A type of talk therapy that has helped many American veterans overcome post-traumatic stress disorder can help rape victims in the developing world overcome the shame, depression and fear brought on by sexual assault, according to a study from the University of Washington and Johns Hopkins University.
The researchers worked with more than 400 women who had been assaulted — some multiple times — in the Democratic Republic of Congo (DRC). During decades of civil war, sexual violence has become a weapon of terror wielded by rebels and government soldiers. In some areas, as many as four out of 10 women have been attacked, leading the United Nations to brand Congo as the rape capital of the world.
Victims are often shunned and rejected by their husbands and families, said UW clinical psychologist Debra Kaysen. The women who participated in the study suffered from anxiety, depression and nightmares, and many were afraid to leave their homes and unable to care for themselves or their children.
But six months after participating in a dozen sessions of what’s called cognitive-processing therapy, more than 90 percent of the women no longer met the criteria for PTSD, depression or anxiety, the researchers reported in The New England Journal of Medicine. Among women who received a more traditional form of counseling, the success rate was 58 percent.
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“We were very excited to find that it had such a strong impact,” said study leader Judith Bass, of the Johns Hopkins Bloomberg School of Public Health. “But we weren’t surprised.”
Cognitive-processing therapy has been used for nearly two decades in wealthy countries to treat victims of rape and other trauma, including soldiers suffering from PTSD. Some studies have shown the benefits persist even after a decade.
But many mental-health experts were skeptical the treatment, which is usually administered by highly trained professionals, could be applied in places like Congo, where many people are illiterate and conflict continues to rage.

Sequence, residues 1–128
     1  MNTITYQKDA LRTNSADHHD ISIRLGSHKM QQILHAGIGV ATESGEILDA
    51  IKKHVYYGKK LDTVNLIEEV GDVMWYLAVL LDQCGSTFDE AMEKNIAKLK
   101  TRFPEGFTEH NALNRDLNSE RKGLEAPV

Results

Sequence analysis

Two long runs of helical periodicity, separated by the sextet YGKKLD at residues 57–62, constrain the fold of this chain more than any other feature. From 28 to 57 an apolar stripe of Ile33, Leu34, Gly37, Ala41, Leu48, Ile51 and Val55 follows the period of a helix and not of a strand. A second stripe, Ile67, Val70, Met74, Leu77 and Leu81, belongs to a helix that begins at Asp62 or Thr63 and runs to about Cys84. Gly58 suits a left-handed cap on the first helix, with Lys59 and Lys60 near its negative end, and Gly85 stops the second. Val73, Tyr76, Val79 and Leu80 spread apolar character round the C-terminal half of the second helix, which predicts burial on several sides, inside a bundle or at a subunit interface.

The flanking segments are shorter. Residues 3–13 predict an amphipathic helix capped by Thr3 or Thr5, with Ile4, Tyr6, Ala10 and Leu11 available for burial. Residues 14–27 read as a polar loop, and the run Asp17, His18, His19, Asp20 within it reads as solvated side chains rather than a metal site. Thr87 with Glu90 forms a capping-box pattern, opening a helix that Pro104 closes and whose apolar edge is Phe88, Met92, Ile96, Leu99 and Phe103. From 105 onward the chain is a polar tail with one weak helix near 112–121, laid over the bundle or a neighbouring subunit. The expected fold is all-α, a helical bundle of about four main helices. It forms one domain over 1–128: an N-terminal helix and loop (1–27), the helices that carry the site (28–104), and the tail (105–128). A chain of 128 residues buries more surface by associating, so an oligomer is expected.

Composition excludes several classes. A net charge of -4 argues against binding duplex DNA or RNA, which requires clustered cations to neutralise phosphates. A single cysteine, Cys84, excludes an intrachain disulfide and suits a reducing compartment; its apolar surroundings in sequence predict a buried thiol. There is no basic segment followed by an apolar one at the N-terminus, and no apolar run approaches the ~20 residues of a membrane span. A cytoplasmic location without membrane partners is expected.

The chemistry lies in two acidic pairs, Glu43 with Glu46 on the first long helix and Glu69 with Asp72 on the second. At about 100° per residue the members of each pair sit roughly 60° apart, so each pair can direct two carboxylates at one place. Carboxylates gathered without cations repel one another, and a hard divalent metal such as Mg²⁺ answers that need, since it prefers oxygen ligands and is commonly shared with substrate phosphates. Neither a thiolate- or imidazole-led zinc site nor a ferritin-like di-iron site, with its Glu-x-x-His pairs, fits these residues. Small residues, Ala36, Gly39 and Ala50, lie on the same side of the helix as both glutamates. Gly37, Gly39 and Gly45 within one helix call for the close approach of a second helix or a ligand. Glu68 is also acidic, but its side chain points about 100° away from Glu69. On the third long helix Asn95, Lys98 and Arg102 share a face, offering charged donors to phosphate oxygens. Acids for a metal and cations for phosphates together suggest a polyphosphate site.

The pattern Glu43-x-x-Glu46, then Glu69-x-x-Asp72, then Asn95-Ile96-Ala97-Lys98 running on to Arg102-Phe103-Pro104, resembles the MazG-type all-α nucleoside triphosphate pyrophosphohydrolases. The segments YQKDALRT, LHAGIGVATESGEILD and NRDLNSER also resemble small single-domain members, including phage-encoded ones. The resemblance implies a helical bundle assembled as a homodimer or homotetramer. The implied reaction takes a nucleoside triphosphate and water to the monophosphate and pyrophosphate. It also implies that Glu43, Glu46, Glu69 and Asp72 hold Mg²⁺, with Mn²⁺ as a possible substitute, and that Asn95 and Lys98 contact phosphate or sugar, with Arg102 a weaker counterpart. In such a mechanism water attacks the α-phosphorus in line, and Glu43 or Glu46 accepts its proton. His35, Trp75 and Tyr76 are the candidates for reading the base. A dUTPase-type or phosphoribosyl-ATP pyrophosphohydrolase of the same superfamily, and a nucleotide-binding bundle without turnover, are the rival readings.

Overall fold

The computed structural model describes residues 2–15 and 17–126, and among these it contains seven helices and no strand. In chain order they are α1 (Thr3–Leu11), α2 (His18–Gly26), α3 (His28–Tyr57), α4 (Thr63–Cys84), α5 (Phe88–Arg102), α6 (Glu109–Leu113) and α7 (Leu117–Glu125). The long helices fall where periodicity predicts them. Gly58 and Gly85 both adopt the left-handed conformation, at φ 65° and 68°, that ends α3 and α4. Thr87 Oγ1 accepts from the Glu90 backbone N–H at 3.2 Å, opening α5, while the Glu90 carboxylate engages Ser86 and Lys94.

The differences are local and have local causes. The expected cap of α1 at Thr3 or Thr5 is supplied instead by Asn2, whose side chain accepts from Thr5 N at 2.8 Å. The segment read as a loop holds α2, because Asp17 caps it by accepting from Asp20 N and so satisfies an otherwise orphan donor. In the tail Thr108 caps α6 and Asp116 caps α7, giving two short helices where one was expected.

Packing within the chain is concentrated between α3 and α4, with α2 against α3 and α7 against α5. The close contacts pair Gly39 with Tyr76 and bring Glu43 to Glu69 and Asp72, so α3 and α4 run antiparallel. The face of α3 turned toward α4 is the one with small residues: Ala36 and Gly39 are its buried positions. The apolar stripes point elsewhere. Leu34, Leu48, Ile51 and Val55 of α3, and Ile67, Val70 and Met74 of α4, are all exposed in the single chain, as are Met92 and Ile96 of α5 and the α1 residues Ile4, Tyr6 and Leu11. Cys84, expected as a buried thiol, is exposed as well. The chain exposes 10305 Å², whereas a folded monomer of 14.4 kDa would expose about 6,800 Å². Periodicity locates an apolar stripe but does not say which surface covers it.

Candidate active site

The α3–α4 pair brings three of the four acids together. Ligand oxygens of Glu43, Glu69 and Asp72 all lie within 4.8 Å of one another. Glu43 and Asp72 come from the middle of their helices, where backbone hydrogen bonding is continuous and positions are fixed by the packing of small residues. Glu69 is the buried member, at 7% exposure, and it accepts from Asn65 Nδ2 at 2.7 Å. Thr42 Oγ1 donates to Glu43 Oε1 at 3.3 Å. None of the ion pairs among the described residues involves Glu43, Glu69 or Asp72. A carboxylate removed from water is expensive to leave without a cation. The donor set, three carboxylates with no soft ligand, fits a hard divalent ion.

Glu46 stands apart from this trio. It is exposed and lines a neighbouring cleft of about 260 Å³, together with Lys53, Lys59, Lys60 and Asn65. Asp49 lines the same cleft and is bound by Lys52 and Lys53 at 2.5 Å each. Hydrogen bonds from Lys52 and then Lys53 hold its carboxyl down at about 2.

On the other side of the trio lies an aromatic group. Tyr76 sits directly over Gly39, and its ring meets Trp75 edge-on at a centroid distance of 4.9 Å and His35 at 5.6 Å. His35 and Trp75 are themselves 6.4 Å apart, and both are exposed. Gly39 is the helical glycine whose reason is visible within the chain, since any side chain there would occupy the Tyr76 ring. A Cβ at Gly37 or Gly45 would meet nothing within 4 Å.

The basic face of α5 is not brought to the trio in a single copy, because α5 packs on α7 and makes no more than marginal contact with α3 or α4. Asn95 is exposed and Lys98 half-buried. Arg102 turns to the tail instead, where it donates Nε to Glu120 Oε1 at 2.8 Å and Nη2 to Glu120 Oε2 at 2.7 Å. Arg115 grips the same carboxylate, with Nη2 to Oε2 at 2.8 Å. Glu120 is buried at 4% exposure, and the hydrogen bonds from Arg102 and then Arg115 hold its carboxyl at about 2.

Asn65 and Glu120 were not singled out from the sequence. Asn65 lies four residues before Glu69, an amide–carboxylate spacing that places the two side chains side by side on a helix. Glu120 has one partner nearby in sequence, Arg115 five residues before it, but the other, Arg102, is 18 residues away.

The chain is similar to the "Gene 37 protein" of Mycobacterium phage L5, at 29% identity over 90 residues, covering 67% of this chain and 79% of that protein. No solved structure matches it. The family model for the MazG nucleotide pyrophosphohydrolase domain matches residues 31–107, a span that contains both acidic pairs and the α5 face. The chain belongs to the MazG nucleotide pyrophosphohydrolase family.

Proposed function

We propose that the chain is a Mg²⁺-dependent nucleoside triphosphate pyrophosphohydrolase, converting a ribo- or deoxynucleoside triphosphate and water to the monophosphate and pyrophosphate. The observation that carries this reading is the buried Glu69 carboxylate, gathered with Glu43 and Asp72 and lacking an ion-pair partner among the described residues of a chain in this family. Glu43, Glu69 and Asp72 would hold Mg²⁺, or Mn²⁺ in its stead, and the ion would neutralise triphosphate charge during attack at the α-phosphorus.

“If we can do this successfully in DRC, that means there are a lot of places where we can do this,” Kaysen said.
Cognitive-processing therapy helps people rewrite the dialogue inside their heads in which they blame themselves and convince themselves they are worthless, she explained.
Like victims around the world, the Congolese women couldn’t stop thinking about what they could have done differently: Avoiding the man’s gaze, taking another route to the fields, staying home that day.
Working with the International Rescue Committee, Kaysen and her colleagues trained community mental-health workers in 15 villages in eastern Congo, translated the program into five languages, and adapted it for people who could neither read nor write.
The women met mostly in group sessions, where they learned how to derail harmful and negative patterns of thinking. After the sessions, one participant — who had been so despondent she didn’t bathe or fix her hair — announced she was “ready to be a woman again.”
“This is a scar these women live with,” Bass said. “The therapy doesn’t erase that, but it gives them tools to deal with it themselves and figure out the process of healing.”
Several times, sessions were interrupted when fighting broke out and women fled their villages to hide in the bush.
The new study is particularly powerful because it provides the first rigorous comparison between cognitive-processing therapy in the developing world and standard counseling, which involves talking with women one on one and helping them file police reports and get medical care, said a commentary on the study by experts at the London School of Hygiene and Tropical Medicine.
Of the women who enrolled in the study, 157 received cognitive therapy, while 248 got traditional counseling.
But across much of Congo and other African nations, even basic mental-health care is lacking.
The goal is to scale up the treatment and incorporate it into the DRC’s community health programs, said study co-author Jeannie Annan, of the International Rescue Committee.
Sandi Doughton: 206-464-2491 or firstname.lastname@example.org